You might have heard the term “digital nomad.” It refers to remote workers who move from place to place, often working in countries outside the borders of the companies that employ them. Chances are, some of your lab’s own employees are digital nomads. You may not think that’s any concern of yours. After all, if they’re productive, why should you care whether they work from Detroit, Denmark, or Dubai?
The risk is that the cross-border employment arrangement may inadvertently subject your lab to the tax laws of the host country. Explanation: National corporate and income tax laws apply to companies that have a “permanent establishment” (PE) in the country. Companies seeking to create a PE in a host country are typically required to:
- Register the local branch or subsidiary to do business in the country;
- Get a local-country taxpayer identification number; and
- File annual corporate tax returns.
If the host country believes that employing a global nomad who lives in the country constitutes a PE, it may prosecute you for doing business without registering as a PE, seeking significant tax penalties that apply not just to your local, but worldwide income.
Compliance Strategy: The longer and more strategic your relationship with the global nomad living in the host nation, the greater the likelihood of being seen as a PE. Consider hiring a local lawyer to analyze the risks. If the assessment concludes that there is a risk, you may have to register a local corporate presence and migrate the telecommuter to a new in-country payroll, using the new in-country taxpayer identification number and a local payroll provider. The other option is to gamble that you won’t get caught or that the foreign government won’t have the will or resources necessary to bring a legal action against a company in the US for disobeying its local laws.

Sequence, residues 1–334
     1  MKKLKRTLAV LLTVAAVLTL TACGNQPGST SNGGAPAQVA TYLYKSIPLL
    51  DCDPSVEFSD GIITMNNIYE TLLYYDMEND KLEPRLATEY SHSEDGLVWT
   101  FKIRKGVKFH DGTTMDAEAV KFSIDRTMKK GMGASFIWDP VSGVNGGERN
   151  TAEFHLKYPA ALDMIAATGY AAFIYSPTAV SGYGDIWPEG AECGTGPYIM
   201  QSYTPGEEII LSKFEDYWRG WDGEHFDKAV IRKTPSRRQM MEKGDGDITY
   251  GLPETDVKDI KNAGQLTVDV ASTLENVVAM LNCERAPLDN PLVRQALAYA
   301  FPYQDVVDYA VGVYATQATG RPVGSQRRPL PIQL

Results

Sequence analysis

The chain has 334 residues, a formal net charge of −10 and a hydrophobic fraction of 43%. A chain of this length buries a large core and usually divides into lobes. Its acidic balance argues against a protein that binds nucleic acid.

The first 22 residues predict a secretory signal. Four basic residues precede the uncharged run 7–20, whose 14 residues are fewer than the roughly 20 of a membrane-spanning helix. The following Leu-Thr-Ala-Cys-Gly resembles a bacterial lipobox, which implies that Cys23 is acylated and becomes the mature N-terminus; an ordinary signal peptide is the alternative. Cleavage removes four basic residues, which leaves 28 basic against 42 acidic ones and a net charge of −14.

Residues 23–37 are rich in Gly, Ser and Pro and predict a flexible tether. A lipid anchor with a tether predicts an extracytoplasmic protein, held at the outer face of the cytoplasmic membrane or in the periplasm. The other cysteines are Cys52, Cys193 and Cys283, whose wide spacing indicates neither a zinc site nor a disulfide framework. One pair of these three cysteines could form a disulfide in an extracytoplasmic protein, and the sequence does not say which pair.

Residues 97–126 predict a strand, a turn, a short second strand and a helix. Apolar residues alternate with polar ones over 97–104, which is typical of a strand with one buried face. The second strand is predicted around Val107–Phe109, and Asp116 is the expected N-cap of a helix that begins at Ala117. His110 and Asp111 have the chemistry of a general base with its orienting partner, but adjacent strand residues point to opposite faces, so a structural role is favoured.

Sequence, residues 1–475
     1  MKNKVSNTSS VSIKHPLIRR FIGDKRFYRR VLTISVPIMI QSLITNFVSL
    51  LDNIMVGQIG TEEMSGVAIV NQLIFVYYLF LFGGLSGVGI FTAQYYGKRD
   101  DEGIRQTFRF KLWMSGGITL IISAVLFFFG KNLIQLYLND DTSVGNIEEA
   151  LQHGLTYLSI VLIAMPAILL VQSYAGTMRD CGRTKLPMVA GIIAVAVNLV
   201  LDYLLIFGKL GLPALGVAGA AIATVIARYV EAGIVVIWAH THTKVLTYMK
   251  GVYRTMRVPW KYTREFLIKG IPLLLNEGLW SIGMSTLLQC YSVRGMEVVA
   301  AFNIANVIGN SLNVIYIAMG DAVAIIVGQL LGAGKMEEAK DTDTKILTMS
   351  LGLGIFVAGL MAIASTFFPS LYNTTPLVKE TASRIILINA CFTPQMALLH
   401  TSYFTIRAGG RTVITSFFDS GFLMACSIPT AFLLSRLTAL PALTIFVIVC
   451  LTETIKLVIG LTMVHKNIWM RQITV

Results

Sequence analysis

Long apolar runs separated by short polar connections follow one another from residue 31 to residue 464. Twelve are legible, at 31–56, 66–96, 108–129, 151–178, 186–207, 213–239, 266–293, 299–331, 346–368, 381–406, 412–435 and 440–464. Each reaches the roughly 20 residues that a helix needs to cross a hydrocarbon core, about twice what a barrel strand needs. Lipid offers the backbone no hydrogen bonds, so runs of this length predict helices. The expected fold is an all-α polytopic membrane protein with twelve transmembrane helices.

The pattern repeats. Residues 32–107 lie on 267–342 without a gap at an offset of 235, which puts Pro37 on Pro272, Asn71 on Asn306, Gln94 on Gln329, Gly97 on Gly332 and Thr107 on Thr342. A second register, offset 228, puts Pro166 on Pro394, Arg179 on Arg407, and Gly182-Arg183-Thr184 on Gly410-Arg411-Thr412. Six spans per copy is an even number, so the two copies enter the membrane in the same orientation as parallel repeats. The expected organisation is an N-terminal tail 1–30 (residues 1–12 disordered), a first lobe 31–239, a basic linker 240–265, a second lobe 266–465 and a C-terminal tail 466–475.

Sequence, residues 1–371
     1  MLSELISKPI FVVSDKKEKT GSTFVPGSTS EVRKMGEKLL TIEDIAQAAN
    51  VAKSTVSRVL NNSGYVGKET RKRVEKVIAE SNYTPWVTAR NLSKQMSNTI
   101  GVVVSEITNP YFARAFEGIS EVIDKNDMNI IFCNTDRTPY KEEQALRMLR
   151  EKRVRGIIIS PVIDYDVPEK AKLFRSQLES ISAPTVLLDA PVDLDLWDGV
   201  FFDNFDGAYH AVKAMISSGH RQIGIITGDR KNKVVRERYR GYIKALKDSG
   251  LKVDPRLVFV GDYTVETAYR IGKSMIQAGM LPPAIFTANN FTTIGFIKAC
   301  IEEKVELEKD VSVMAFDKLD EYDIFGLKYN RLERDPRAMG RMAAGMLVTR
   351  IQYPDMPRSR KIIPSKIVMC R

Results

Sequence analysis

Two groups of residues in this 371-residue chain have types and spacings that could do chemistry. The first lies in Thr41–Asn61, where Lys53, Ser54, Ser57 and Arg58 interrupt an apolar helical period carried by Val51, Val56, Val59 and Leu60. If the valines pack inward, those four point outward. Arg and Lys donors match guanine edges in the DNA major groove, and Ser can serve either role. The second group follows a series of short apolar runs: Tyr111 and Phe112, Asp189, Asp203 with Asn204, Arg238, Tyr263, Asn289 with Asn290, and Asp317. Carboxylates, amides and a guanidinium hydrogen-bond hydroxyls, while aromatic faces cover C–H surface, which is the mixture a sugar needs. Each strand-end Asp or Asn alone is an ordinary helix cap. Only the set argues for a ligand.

Use your control over the global nomad to manage liability risks. As the employer, you’re in the legal position to dictate the terms of any remote work or telecommuting arrangement, including the right to ban employees from telecommuting abroad. Keep global arrangements as short as possible—three months or under. Structure a short-term overseas work arrangement so the host country never becomes the employee’s (even temporary) place of employment. Other key provisions to include in your telecommuting policy or agreement:
- A statement indicating that a late return from abroad constitutes resignation of employment (except where delay is due to consequences beyond the employee’s reasonable control, like a travel ban);
- The employee’s affirmation that the US is his/her sole place of employment;
- That the place of place of employment is a fundamental term of the agreement;
- The employee’s duty to notify and get your express permission to relocate; and
- The employee’s acknowledgement that moving to a different location without notification and permission is grounds for terminating telecommuting privileges.
For a more in-depth article on managing such risks of remote work, stay tuned for an upcoming issue of Lab Compliance Advisor.